A Late 18thC Terracotta of a Captured Barbary Pirate after Pietro Tacca (1577-1640)

Origin: Italian
Period: Late 18thC
Provenance: Unknown
Date: c.1780
Width: 7”
Height: 17.75
Depth: 8”

Exquisitely proportioned and detailed, and in unrestored condition, the terracotta, after the bronze chained captives by Pietro Tacca (c.1620-24), representing Barbary pirates chained and enslaved after naval victories over the Ottoman Turks, the study showing the captive bound and crafted as a grand tour memento and surviving from late eighteenth century Italy.

The condition of the piece is unrestored and there are losses to the base as photographed with two parts having been re-attached, losses to fingers and a hairline to one leg. Please refer to the photographs for a full visual reference. There is discoloration and wear but the overall tone and patina is very pleasing to the eye.

Pietro Tacca (16 September 1577 – 26 October 1640) was an Italian sculptor, who was the chief pupil and follower of Giambologna. Tacca began in a Mannerist style and worked in the Baroque style during his maturity.

Tacca's public works for the Medici include his masterpieces, the "Monument of the Four Moors", representing captured Barbary corsairs or Ottoman pirates (1620–24) at the foot of Giovanni Bandini's statue of Ferdinand I de' Medici, Reduced scale bronze adaptations were made by Foggini and these were to be the basis of reproductions for connoisseurs into the 18th century. Ceramic versions were made by Doccia (which is possibly who crafted this example) and other manufacturers.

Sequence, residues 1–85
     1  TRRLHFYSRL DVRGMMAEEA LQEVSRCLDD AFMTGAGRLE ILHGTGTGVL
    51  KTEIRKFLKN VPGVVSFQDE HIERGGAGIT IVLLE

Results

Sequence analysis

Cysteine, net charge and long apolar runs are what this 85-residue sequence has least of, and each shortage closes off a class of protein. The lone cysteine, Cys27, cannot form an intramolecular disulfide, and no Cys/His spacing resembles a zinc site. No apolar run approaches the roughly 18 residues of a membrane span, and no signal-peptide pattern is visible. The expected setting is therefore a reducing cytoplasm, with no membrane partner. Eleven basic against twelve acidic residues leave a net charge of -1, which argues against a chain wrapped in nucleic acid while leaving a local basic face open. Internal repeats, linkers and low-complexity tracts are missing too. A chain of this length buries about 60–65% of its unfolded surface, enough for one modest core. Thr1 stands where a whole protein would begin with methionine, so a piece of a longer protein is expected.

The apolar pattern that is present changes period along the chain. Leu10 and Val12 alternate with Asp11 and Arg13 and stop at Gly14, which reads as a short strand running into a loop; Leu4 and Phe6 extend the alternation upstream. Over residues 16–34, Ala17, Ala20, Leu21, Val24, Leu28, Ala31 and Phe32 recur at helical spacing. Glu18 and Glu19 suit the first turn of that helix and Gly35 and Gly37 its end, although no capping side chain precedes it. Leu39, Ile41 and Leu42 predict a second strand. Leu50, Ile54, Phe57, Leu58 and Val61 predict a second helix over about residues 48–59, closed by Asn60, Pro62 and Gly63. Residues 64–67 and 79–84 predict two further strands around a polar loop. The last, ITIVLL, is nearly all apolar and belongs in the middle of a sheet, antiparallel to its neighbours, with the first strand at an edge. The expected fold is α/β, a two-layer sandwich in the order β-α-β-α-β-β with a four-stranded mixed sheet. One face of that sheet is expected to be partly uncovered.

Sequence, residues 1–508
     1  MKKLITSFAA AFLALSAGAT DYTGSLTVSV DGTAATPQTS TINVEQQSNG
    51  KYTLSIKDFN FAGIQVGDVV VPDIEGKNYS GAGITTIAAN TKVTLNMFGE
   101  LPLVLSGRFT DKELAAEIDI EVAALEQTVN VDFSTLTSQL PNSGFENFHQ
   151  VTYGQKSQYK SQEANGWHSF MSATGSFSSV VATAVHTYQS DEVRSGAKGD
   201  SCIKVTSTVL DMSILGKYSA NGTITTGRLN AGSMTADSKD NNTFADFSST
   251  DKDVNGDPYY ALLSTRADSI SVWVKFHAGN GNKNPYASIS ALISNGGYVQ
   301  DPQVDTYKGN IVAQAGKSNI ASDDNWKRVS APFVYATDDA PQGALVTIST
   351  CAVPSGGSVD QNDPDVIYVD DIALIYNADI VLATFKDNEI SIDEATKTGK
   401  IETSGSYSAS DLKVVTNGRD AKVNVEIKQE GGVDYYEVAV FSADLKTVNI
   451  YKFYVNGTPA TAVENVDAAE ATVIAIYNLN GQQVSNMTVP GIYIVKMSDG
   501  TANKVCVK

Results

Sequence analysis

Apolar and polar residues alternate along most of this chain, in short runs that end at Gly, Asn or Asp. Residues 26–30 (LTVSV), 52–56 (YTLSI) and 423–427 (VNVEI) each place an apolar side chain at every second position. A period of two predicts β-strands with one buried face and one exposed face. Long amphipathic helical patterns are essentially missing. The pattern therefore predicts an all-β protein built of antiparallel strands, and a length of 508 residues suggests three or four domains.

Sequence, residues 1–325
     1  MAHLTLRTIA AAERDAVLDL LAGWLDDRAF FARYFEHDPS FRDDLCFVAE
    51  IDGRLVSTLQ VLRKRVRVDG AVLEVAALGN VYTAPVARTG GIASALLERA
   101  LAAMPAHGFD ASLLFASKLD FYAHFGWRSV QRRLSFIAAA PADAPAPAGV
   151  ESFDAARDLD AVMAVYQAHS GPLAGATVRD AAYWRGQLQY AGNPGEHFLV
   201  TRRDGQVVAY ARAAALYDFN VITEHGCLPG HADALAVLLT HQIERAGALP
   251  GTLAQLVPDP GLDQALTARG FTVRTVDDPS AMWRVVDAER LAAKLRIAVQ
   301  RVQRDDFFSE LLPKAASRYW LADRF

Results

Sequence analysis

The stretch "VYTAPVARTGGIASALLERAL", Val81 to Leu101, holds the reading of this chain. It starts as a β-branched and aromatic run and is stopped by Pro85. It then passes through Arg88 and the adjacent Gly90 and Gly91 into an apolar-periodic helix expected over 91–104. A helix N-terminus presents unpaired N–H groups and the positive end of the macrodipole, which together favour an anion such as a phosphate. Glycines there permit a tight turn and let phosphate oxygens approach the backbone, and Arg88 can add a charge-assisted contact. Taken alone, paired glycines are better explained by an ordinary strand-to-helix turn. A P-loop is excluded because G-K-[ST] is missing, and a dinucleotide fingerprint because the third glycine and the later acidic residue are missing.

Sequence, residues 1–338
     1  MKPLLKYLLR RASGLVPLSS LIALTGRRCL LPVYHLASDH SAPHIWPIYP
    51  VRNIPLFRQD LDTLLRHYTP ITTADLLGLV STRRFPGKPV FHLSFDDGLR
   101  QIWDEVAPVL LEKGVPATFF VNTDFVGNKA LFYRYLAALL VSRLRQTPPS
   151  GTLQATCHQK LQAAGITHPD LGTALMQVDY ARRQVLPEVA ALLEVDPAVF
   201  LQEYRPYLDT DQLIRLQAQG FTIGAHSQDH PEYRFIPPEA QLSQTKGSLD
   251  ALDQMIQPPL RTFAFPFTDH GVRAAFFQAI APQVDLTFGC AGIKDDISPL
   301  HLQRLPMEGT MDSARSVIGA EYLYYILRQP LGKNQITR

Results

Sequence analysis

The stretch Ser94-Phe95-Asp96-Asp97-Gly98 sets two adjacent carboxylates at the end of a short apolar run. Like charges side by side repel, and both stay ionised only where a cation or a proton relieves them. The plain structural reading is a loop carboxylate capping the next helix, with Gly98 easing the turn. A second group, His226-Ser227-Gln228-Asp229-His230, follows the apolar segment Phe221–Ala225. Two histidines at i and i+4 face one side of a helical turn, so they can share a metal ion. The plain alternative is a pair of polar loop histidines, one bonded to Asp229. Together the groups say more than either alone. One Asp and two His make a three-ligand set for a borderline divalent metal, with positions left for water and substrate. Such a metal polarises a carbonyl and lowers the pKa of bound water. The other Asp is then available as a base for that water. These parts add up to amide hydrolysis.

Long before the days of Blackbeard and Anne Bonny, a very different type of pirate was wreaking havoc at sea. The Barbary pirates, or corsairs, were the outlaws of the waves before the golden age of piracy. From the 16th century onwards, these Muslim pirates operated out of the main ports along the North African coast – Algiers, Tunis, Rabat, Tripoli – raiding towns and seizing merchant ships primarily across the Mediterranean, although they did also venture into northern Europe and along the Atlantic coast of West Africa.

Their raison d’etre was to capture slaves for the Ottoman empire slave trade – although taking ownership of the valuable goods being transported across the Mediterranean was a gratefully welcomed by-product. The pirates didn’t discriminate about who they captured and placed in servitude. The make-up of those being forced into slavehood was a tangle of races, nationalities and religions. The pirates weren’t fussy, although Italian and Spanish slaves fetched a better price than northern Europeans.

The power and control enjoyed by the Barbary pirates for many decades wasn’t to last.  Technology was a chief reason for their decline. Not only was their soldiers’ weaponry increasingly anachronistic, but the galleys couldn’t match – and would choose not to engage with – the growing military might of the big European navies. After a couple of anarchic, action-packed centuries, the Mediterranean became a comparatively safe sea once again.

A scarce and brilliantly executed piece of grand tour sculpture.